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Study Says Clarion & Venango Counties Are Prime Locations for Plastics, Petrochemical Industry
(Pictured above: Representatives from NWC, Camoin 310, and CEC Planning)
With the opening of the cracker plant in Beaver County, many are wondering when economic opportunities like that will come to our region.
Representatives for the Pennsylvania Northwest Commission (NWC) and partners presented on Thursday their findings from a study conducted by Camoin 310 and CEC Planning on the opportunities that petrochemical supply chains present to our region.
Petrochemicals are chemical products obtained for oil and natural gas. Petrochemical supply chains refer to the economic process of turning natural gas into ethylene which producers can then use to make plastic products.
According to the officials, a previous study conducted in the region had produced results on the economic opportunity that the abundance of petrochemicals in our region presented but gave no road map forward on how to take advantage of those opportunities.
“Western Pennsylvania is on the verge of having the lowest cost raw material feedstock for plastics on the face of the planet,” claimed Lance Hummer, Executive Director of the Keystone Community Education Council.
This study aimed to correct that by making recommendations of sites that are prime locations for industries including plastic compounders and converters, plastic manufacturers, and plastic wholesalers and distributors. These recommendations were made so that communities can engage with these locations to prepare them for this opportunity.
A list of development “hotspots” was established to help counties focus their attention on areas with potential. Hot spots were identified based on a variety of different factors including proximity to the railway/interstate, high-speed internet access, and the reliability of local infrastructure.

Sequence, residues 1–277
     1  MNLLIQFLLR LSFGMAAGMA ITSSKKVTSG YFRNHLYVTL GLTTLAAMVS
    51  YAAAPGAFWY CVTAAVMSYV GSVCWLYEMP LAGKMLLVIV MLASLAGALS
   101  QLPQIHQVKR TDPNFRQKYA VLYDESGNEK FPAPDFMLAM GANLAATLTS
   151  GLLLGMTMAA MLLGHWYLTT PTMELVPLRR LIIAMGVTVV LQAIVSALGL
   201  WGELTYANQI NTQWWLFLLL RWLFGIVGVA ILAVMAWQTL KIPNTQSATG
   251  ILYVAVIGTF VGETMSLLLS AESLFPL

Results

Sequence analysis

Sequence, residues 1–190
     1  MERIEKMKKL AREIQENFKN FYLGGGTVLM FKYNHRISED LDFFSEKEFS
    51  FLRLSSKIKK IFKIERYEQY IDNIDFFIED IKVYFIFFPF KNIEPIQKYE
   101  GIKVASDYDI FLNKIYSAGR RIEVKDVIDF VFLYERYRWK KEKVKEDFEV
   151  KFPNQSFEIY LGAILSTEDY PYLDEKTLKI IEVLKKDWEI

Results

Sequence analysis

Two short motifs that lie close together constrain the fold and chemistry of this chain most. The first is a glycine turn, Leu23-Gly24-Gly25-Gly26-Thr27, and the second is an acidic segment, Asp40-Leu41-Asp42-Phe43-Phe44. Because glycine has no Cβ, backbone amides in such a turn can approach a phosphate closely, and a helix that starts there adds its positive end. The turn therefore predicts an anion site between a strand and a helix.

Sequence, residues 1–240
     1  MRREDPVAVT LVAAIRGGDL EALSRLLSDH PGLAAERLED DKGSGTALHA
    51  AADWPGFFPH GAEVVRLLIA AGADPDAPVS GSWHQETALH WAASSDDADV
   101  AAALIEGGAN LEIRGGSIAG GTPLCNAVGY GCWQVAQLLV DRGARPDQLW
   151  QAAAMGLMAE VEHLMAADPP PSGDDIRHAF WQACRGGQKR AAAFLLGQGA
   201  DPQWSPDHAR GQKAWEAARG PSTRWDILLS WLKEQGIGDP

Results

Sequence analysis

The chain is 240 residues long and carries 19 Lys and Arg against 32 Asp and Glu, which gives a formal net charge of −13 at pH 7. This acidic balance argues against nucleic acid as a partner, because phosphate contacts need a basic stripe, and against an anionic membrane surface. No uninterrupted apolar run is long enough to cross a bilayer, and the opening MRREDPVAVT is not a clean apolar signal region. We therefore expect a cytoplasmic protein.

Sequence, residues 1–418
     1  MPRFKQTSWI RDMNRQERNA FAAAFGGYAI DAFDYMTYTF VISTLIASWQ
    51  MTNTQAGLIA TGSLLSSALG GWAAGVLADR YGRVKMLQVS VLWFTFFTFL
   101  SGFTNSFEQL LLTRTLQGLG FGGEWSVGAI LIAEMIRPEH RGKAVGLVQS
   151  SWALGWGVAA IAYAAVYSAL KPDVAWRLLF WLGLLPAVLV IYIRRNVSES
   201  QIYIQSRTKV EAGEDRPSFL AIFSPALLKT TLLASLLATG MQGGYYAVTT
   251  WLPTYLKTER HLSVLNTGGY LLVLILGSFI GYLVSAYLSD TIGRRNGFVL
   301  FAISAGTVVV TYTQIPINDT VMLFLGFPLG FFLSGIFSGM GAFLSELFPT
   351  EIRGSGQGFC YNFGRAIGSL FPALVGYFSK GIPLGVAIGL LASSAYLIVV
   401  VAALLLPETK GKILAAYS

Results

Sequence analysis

Two hot spots were identified in Clarion and Venango Counties.
Information on specific site locations has not been released; however, it is expected to be revealed to local GIS (Geographic Information System) officials within the coming months.
“We are not here to tell you which specific site offers the most promise. What we were able to do was to identify what we call hot spots,” explained Jim Damicis, Senior Vice President at Camoin 310.
“You’re a manufacturing region, you have a history of manufacturing. There are a lot of opportunities that are available,” said Damicis.
He added that working together on efforts to market and bring industries into an area can often be challenging.
“It doesn’t take a Ph.D. to say once it gets down to the level of ‘why’s there not one in my community but there’s one in that person’s community,’ all the fun is over.”
The producers of this study made an online tool that enables the user to identify the details of every hot spot including what types of utilities are available there and who currently owns the land. This is designed to help counties and municipalities better market the area to these industries.
The study also identifies the need to identify and prepare physical sites, attract and retain investment, and build organizational capacity.
The study made no mention of alleged environmental risks posed by facilities of this nature, leaving it up to municipalities to decide what to do with the findings.
The tools created by the study will soon be available to local entities as they try to bring petrochemical and plastic producing industries into the region.
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